The rapid plunge raised fears that it could have been the result of a “flash crash”—a sudden fall produced by a so-called “fat finger” trade or some other malfunction. But nothing like that appears to have taken place. The fall was precipitated by large computer model-generated trades.
The Wall Street plunge followed significant declines in global markets, as trading opened following the fall in US markets last Friday. The Hong Kong market fell by as much as 2.7 percent at one point, while Japan’s Topix index slid by 2.2 percent.
As the trading day began in Europe, markets were also down. London’s FTSE index fell by 1.5 percent, while the Stoxx Europe 600 index lost 1.6 percent.
Market analysts and commentators were divided on the reasons for the sell-off. Some have maintained that it is a necessary correction and that the economic fundamentals remain sound, with improved prospects for higher growth. Others have pointed to the moves by central banks to wind back quantitative easing and start to end the low-interest rate regime that has played such a key role in sustaining the market surge since the financial crisis of 2008.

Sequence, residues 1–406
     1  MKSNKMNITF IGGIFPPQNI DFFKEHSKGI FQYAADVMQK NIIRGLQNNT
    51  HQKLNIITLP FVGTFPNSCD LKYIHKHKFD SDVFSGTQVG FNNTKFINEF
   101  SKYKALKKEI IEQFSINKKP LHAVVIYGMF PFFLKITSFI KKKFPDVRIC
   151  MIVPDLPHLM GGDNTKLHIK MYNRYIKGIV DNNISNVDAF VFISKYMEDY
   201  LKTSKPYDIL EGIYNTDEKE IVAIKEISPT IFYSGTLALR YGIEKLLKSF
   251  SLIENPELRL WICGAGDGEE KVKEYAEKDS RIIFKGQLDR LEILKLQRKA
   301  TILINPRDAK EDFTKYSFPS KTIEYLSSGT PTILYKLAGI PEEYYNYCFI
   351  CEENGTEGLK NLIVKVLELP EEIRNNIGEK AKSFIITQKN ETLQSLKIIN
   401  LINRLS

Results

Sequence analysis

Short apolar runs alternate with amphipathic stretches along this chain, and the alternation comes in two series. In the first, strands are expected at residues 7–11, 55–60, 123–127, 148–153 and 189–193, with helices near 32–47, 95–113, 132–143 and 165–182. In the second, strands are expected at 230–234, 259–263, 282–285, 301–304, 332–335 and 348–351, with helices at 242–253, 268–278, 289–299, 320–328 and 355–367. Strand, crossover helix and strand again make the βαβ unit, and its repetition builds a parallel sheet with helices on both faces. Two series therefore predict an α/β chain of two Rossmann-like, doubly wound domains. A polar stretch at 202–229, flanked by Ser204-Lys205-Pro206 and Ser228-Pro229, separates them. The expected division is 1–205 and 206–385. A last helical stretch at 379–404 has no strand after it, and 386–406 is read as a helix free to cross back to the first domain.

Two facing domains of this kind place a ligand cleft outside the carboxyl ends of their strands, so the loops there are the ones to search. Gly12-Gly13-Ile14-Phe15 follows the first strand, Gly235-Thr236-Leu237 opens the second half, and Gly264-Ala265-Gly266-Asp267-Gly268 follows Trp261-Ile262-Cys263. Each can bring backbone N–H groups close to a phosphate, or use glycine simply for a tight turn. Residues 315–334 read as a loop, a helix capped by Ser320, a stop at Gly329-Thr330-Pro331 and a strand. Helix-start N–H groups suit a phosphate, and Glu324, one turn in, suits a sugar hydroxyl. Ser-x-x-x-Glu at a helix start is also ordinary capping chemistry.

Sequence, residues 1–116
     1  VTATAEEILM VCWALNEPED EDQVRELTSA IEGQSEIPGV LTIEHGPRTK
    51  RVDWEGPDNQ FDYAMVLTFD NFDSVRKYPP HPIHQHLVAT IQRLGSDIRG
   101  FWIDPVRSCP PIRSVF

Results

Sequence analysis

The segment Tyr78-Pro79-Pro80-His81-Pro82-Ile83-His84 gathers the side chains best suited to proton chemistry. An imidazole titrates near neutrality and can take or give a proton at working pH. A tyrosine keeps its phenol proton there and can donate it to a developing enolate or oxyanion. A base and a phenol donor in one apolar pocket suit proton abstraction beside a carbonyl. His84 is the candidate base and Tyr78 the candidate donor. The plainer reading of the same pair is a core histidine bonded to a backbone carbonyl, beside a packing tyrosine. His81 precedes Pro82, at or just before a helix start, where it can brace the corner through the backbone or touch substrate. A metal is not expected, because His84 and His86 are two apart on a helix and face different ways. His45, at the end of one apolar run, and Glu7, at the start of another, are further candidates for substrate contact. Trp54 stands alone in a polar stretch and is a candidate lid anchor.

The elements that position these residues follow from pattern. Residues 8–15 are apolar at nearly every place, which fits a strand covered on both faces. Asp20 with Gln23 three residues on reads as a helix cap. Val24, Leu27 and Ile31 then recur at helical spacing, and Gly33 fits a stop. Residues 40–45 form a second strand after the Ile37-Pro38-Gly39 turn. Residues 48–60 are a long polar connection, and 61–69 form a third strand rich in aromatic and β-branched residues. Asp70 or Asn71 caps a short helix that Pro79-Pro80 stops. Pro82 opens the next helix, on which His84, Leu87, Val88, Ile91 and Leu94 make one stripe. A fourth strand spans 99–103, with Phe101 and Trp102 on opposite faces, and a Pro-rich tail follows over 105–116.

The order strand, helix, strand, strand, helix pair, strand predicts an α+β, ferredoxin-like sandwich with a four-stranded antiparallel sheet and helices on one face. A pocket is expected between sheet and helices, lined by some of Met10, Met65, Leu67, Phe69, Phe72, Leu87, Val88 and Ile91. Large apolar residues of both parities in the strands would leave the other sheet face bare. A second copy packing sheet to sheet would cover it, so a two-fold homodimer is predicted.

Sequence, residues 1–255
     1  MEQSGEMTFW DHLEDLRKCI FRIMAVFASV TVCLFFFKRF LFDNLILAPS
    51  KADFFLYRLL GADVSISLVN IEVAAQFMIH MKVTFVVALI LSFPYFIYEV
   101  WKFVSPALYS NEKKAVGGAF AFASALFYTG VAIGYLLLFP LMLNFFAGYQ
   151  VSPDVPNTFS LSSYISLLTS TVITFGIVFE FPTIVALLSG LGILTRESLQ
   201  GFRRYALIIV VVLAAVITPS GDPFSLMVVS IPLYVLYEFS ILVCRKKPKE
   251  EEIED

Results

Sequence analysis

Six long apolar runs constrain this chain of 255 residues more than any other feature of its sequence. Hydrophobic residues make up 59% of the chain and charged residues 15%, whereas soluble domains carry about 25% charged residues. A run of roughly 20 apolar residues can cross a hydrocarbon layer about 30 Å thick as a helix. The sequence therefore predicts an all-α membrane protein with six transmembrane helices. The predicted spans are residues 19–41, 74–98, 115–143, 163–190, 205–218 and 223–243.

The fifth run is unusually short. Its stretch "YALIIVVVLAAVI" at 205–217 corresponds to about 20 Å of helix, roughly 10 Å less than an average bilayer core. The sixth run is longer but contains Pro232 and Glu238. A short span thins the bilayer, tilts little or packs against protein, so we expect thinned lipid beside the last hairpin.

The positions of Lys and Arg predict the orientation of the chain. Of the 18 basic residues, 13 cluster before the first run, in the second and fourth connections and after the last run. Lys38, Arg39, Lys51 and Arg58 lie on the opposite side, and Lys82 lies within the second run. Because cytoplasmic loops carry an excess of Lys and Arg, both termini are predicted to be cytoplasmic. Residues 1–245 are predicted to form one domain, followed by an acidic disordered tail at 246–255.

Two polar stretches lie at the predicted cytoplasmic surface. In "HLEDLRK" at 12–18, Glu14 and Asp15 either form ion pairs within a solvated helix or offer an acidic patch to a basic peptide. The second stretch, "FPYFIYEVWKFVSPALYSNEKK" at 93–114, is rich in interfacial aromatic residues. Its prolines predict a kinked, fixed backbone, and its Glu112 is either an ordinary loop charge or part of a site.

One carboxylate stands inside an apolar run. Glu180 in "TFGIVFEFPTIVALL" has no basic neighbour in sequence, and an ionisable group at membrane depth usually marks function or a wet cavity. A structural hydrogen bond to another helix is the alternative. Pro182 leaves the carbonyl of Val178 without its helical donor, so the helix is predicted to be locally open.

While it is impossible to predict the short-term course of the markets, there are clearly significant shifts taking place. The sell-off that began on Friday was triggered by the report that average wages in the US had risen by 2.9 percent over the past year, the largest increase since 2009. This drove an increase in the interest rate on the benchmark 10-year US Treasury bond to 2.85 percent, sparking fears that the rate was on its way to the critical level of 3 percent.